Eagle County to adopt state’s COVID ‘dashboard dial’
Dial is intended to provide a consistent way to see the level of virus containment in all the state's counties
Eagle County’s Department of Public Health and Environment will adopt Colorado’s statewide COVID-19 dial dashboard over the next two weeks.
Local public health officials worked closely with the state’s health department and the Governor’s office to develop the dial, which was released Sept. 15 and includes a risk assessment for each of the state’s 64 counties. It is meant to create consistency for expectations and goals among counties, while allowing a measure of local control in tailoring public health policies.
The dial dashboard relies on three key metrics, including disease incidence rate, percentage of countywide COVID-19 tests that come back positive, and the number of hospitalizations for COVID-19, to generate a color-coded risk assessment. Each level further determines the activities and capacity limits based on the risk within each county.
Eagle County will start at the Safer at Home Level 2, Concerned. The metrics for the county have been stable over the past few weeks and if they can be maintained for another two weeks, Eagle County could qualify for the Safer at Home Level 1, which can increase capacities for some indoor and outdoor settings.
“Consistent tracking of disease trends and subsequent messaging to the community is always a priority,” Eagle County Department of Public Health and Environment Director Heath Harmon said. “This is true with disease monitoring as well as with guidance for events, organized sports, dining, shopping and other activities outside the home. We have seen clearly that when the messaging is inconsistent between communities, this inevitably leads to confusion and frustration. Our intention in adopting the statewide dial dashboard is to eliminate these problems.”
Eagle County will work over the next two weeks to implement the new state dial and replace its existing COVID-19 Risk Meter. This will include collaborating with local partners to ensure there is a clear understanding of what the new dial will mean and the activities the community can expect by level.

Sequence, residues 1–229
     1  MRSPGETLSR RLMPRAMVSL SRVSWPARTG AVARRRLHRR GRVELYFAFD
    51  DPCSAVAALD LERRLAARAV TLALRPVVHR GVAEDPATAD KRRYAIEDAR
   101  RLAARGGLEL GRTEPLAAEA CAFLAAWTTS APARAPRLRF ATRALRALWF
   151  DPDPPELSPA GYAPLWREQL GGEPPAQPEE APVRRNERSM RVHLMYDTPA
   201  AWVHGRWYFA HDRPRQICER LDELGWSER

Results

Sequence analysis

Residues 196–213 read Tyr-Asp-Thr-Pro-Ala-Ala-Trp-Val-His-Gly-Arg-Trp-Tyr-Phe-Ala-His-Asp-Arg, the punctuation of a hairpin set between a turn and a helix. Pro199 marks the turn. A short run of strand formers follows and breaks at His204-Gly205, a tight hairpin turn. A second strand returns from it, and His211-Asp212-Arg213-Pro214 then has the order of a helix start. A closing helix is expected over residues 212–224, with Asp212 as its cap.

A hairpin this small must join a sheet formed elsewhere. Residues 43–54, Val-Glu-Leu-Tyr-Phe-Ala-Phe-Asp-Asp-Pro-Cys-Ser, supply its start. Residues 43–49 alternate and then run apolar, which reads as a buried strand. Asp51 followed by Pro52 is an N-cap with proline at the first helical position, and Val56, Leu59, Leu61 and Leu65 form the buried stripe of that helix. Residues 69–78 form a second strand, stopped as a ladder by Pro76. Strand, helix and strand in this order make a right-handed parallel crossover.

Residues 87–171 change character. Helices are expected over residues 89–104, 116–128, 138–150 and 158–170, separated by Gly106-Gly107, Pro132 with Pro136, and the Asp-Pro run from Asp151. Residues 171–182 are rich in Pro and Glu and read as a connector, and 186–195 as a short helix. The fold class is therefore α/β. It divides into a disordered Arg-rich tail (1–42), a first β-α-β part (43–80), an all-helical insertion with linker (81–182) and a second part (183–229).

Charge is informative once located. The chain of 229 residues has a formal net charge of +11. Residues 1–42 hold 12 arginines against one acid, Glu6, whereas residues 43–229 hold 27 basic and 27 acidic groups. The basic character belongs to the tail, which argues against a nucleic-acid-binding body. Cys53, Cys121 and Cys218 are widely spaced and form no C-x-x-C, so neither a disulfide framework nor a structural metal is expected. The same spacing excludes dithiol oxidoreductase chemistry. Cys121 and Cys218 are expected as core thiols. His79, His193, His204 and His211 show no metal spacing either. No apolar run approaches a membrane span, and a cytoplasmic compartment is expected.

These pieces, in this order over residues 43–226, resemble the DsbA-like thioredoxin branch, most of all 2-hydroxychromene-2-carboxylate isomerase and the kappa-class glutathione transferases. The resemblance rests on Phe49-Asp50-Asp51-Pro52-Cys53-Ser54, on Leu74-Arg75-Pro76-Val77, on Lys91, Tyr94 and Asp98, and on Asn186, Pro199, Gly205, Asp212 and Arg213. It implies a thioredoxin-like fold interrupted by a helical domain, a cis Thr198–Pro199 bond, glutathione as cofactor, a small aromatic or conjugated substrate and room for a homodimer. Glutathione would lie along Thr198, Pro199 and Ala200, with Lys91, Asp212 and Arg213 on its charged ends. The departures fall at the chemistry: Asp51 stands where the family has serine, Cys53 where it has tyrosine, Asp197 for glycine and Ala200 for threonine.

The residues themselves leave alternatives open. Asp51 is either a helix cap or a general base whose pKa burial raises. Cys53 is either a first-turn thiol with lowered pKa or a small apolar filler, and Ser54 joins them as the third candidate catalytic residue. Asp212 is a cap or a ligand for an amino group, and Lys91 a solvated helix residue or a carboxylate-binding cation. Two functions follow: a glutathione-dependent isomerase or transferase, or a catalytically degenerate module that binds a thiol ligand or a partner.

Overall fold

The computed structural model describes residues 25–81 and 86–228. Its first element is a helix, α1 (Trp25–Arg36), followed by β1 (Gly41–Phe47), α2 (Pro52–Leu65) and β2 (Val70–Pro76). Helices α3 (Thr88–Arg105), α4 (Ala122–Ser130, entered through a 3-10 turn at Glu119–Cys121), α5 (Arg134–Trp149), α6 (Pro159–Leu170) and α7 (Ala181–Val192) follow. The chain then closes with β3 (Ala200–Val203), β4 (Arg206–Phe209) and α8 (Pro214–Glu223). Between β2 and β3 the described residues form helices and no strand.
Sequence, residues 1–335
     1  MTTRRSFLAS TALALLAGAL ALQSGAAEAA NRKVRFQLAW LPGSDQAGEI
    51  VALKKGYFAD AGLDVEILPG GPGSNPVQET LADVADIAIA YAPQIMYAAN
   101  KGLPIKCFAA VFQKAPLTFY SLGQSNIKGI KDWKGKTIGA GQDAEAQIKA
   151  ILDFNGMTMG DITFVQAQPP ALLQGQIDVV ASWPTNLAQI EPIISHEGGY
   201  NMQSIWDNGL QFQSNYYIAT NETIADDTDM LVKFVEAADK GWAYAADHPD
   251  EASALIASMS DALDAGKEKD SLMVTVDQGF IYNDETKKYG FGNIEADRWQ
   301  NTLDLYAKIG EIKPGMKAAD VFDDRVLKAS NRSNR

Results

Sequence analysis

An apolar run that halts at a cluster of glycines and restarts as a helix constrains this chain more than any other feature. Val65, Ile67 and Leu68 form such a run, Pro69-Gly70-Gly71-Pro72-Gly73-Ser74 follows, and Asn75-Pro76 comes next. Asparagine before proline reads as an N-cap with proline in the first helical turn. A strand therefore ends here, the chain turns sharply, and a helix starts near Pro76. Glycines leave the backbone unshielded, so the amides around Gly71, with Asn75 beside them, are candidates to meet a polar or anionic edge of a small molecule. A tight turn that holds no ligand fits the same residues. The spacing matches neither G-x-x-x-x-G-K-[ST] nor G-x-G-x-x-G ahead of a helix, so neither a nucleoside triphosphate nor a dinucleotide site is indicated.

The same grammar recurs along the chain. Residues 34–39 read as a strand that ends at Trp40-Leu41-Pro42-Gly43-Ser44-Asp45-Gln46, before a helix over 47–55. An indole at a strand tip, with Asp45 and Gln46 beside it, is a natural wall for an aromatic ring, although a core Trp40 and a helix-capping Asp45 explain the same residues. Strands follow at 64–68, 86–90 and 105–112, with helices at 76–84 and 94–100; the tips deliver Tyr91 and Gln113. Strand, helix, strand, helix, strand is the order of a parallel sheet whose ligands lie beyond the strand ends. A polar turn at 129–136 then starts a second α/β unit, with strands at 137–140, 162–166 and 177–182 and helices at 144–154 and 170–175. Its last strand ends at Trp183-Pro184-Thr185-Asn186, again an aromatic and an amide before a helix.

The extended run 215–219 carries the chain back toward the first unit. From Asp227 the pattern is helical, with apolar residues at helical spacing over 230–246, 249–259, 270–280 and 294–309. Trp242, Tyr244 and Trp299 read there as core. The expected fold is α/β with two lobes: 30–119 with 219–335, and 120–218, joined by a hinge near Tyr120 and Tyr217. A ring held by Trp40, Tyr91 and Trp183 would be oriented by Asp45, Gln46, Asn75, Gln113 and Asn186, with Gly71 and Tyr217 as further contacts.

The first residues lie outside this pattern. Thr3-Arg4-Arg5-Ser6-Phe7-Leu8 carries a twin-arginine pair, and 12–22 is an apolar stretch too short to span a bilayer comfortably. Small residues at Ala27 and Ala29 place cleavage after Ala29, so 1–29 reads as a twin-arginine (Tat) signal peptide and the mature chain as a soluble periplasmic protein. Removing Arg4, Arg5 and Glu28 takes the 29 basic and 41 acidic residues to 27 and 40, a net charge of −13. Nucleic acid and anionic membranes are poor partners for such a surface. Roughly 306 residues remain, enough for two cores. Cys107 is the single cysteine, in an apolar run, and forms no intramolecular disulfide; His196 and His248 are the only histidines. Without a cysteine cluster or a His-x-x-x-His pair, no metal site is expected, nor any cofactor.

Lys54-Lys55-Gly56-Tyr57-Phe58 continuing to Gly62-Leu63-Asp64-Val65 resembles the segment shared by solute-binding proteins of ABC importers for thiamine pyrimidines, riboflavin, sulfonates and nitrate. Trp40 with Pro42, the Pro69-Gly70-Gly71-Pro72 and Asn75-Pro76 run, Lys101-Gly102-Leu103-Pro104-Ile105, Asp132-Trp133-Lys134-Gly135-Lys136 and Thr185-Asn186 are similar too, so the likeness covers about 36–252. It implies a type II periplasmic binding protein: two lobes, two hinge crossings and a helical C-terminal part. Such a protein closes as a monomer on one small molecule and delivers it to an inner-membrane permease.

School protocols have proven effective and have not led to an increase in COVID-19 spread. However, officials say private social gatherings that took place during the Labor Day weekend where masking and distancing were not implemented have contributed to increased spread in the community.
Local health officials remind the community that regardless of how the state’s risk assessment of the county fluctuates, prevention measures will not change. Following the 5 Commitments of Containment will continue to be the simplest, most effective strategy for preventing disease spread.
Regular updates on the county’s response to COVID-19 are being shared at http://www.ECEmergency.org. The county’s forum for community discussions is at http://www.facebook.com/OneValleyVoice. Those with additional questions can email email@example.com or call 970-328-9750.
Support Local Journalism
Start a dialogue, stay on topic and be civil.
If you don't follow the rules, your comment may be deleted.
User Legend: Moderator Trusted User
In Eagle County, the most commonly reported dead bird has been the Wilson’s warbler, which is yellow. Dead yellow-rumped warblers have also been a common sight.